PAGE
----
Nutrition can help the immune system fight off the coronavirus and COVID-19. People who resist the virus, as well as those who survive it, do that depending on their immune system and its ability to deal with the virus. The immune system is a complex defense mechanism of the human body.
To function properly, an immune system must detect a wide variety of agents, known as pathogens, from viruses to parasitic worms, and distinguish them from the organism’s healthy tissue. Malnutrition, as well as particular specific trace vitamin, mineral, and nutrient deficiencies, can also compromise the immune response.
So, help your immune system to help you. Eat and drink healthy.
You might fight COVID-19 with Vitamins, iron, zinc, and selenium
Vitamin A is essential for growth and development, as well as for the maintenance of the immune system and good vision. Vitamin A can be found in two principal forms in foods: retinol and some of the carotenes. It is found in oily fish, egg yolks, cheese, tofu, nuts, seeds, whole grains, and legumes.
The B vitamins
These are a class of water-soluble vitamins that play essential roles in cell metabolism. They contribute to your body’s first response once it has recognized a pathogen. Though these vitamins share similar names, they are chemically distinct compounds that often coexist in the same foods. B vitamins are found in the highest abundance in meat. But also, eggs, cereals, legumes, green leafy vegetables, fruit, nuts, fortified soy milk.
It is an essential nutrient involved in the repair of tissue and the enzymatic production of certain neurotransmitters. It is required for the functioning of several enzymes and is vital for the immune system function. It also functions as an antioxidant. Foods containing vitamin C include citrus fruits, kiwifruit, broccoli, Brussels sprouts, raw bell peppers, and strawberries. Note: prolonged storage or cooking may reduce vitamin C content in foods.
It activates the innate and dampens the adaptive immune systems. Deficiency has been linked to increased risk or severity of viral infections, including HIV. Supplementation decreases the risk of acute respiratory tract infections. Only a few foods, such as the flesh of fatty fish, naturally contain significant amounts of vitamin D. Mushrooms exposed to ultraviolet light contribute useful amounts of vitamin D.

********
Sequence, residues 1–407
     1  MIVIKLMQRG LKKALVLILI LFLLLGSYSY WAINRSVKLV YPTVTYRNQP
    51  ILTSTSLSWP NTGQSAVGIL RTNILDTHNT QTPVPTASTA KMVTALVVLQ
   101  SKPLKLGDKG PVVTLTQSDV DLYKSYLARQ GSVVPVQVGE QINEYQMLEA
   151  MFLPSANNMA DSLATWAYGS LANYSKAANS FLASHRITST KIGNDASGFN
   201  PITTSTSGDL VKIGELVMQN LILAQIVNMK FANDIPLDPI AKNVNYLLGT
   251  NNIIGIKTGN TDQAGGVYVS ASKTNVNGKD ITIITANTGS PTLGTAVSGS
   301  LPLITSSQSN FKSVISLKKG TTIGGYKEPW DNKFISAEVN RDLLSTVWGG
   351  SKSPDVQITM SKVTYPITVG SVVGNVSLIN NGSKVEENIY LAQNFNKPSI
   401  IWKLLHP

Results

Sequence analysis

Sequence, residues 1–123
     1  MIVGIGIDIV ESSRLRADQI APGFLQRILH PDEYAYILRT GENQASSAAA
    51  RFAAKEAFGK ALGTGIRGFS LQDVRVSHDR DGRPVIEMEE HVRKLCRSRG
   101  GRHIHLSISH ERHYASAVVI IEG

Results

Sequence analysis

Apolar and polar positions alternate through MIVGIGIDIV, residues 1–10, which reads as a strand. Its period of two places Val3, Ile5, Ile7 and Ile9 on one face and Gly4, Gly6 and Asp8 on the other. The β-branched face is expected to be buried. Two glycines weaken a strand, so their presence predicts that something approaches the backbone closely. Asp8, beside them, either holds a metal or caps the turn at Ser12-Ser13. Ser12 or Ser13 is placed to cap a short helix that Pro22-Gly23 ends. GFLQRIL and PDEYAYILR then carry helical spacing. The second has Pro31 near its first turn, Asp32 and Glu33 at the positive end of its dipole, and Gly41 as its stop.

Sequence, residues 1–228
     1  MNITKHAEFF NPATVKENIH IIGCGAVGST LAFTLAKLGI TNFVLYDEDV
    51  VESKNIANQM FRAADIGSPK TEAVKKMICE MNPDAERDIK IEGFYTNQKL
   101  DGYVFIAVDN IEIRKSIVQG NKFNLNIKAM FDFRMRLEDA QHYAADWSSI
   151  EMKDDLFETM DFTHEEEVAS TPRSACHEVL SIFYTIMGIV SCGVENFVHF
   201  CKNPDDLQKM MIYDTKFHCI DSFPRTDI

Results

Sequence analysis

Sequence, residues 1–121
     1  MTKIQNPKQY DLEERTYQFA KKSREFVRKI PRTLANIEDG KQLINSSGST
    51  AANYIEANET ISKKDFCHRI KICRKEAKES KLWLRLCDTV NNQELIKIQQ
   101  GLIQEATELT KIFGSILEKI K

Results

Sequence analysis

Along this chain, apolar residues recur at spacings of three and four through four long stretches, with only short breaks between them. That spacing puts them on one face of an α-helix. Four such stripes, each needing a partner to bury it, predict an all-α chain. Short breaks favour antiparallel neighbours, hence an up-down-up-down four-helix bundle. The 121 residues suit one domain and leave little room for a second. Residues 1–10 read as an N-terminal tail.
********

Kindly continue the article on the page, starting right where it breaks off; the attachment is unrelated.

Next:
The deficiency of vitamin E can cause impairment of immune responses. Wheat germ oil, hazelnut oil, canola/rapeseed oil, sunflower oil, safflower oil, almond oil, grape seed oil, sunflower seed kernels, almonds, and wheat germ are the best sources of vitamin E.
Anemia can result from significant iron deficiency. When the body has sufficient iron to meet its needs, the remainder is stored for later use in cells, mostly in the bone marrow and liver. Rich sources of dietary iron include red meat, oysters, lentils, beans, poultry, fish, leaf vegetables, watercress, tofu, chickpeas, black-eyed peas, and blackstrap molasses.
It is generally considered to be an antioxidant. Zinc deficiency has been associated with major depressive disorder. Groups at risk of zinc deficiency include children in developing countries and the elderly with chronic illnesses. Zinc supplements are commonly used for the treatment of the common cold. Animal products, such as meat, fish, shellfish, fowl, eggs, and dairy, contain zinc.
Selenium acts as an antioxidant, helping mop up some of the damage caused by oxidative stress. It is necessary for cellular function. Dietary selenium comes from meat, nuts, cereals, and mushrooms. Brazil nuts are the most abundant dietary source.
Even though the before-mentioned vitamins and minerals are proven to help the immune system fight against viruses, such as coronavirus, the best thing you should do is to seek medical assistance if you feel the symptoms of COVID-19.